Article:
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I was reading Boyd & Vandenberghe's "Convex Optimization" (Ch10), where the following equality constrained convex program is considered (p526):

\begin{equation} \begin{array}{rl} \textrm{minimize} & f(x)\\ \textrm{subject to} & Ax=b, \end{array} \end{equation}

and Newton's method is employed to solve the optimality conditions, $$Ax=b, \qquad \nabla f(x)+A^Tw=0.$$

More specifically, given a feasible point $x$ (which satisfies $Ax=b$), we find the next feasible point, $x+\Delta x_{nt}$, by solving

$$\left[\begin{array}{cc}\nabla^2 f(x) & A^T\\A & 0\end{array}\right] \left[\begin{array}{c}\Delta x_{nt} \\ w\end{array}\right] = \left[\begin{array}{c}-\nabla f(x) \\ 0\end{array}\right].$$

This is straightforward, if the so-called KKT matrix,$\left[\begin{array}{cc}\nabla^2 f(x) & A^T\\A & 0\end{array}\right]$, is nonsingular (invertible). And it is stated in the book that the Newton step, $\Delta x_{nt}$, is defined only at points for which the KKT matrix is non-singular.

So what do we do when the KKT matrix happen to be singular during the iterations? Conceivably, if the above system of equations is consistent, we can just pick one solution as $\Delta x_{nt}$ and continue with the iterations, right?

However, if the above system of equations is not even consistent, it's not clear to me what a good strategy would be? Are there better ways than just picking another feasible initial point and restarting the Newton's method all over again, wishing that we may end up with a sequence of non-singular KKT matrices that lead to an optimal (acceptable) solution?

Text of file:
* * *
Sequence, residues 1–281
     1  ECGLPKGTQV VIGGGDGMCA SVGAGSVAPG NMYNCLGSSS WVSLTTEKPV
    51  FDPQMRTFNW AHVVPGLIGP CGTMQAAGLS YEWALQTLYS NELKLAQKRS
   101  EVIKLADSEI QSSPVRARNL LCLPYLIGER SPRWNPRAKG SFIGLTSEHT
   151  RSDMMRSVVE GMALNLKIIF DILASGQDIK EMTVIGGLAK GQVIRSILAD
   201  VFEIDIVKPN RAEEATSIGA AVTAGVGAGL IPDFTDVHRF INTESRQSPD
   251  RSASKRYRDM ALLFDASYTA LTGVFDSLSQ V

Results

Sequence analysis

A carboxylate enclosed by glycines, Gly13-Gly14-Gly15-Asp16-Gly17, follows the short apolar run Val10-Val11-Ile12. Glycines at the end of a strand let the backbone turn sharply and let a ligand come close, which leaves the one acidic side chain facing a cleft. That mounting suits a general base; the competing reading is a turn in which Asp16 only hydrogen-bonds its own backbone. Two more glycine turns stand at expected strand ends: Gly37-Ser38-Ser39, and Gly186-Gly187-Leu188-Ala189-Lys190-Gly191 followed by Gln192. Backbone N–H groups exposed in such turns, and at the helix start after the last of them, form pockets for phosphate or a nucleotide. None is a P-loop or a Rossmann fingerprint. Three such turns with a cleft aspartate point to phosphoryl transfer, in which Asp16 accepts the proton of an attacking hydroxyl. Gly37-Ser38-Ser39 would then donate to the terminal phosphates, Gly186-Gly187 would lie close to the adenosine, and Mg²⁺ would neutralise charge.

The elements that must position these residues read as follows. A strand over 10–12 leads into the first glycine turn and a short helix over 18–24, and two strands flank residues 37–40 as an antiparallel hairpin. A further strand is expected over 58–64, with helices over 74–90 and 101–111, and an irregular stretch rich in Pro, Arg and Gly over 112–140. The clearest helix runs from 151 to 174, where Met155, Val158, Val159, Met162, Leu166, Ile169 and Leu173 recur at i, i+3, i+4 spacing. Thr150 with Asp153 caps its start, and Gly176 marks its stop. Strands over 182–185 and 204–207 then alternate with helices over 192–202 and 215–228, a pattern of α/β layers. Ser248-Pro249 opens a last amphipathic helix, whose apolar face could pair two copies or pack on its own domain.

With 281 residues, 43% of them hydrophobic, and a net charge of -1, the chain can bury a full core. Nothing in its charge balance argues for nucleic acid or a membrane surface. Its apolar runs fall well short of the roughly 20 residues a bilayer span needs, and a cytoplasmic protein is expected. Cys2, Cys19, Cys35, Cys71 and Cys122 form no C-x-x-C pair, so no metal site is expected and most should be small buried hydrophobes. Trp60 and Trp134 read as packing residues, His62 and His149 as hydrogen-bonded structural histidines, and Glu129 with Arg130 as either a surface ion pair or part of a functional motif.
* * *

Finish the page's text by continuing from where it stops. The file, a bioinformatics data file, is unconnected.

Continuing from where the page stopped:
Does it make sense to use the projection of the negative gradient $-\nabla f(x)$ on the null space of matrix $A$ as $\Delta x_{nt}$? (This ensures that $x+\Delta x_{nt}$ remains feasible, but it's not clear if it's still a descent direction?)

I'd appreciate any pointers or comments. Thanks a lot!

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    $\begingroup$ I would use least squares solution and hope for the best. $\endgroup$ – user357151 Jan 11 '17 at 22:13
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    $\begingroup$ You can force feasibility and do LS on the linearized optimality equations. In other words you can minimize $\| Bx-c \|$ subject to $Ax=b$. $\endgroup$ – Ian Jan 12 '17 at 3:24
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    $\begingroup$ That said, if I found a point where the KKT matrix was singular, I would probably just take a small random perturbation of the point I'm already at. (It should not be extremely small; you want the KKT matrix to have a good condition number, not just be nonsingular.) Unless the underlying problem is quite weird, this should fix the issue. $\endgroup$ – Ian Jan 12 '17 at 3:36
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    $\begingroup$ off the top of my head, I would definitely go with the minimum-norm solution to the system, which would involve computing the Moore-Penrose pseudoinverse of the coefficent matrix. $\endgroup$ – Michael Grant Jan 12 '17 at 3:44
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    $\begingroup$ I'd say you're giving up too much by doing that. A better bet is to add a small multiple of the identity matrix to $\nabla^2 f(x)$ to make it positive definite. If $A$ has full row rank this will give you a nonsingular system, and only a small degradation from the Newton system. In fact, this approach will have the nice result of preferring solutions with small norm $\|\Delta x_{nt}\|$. $\endgroup$ – Michael Grant Jan 12 '17 at 5:45

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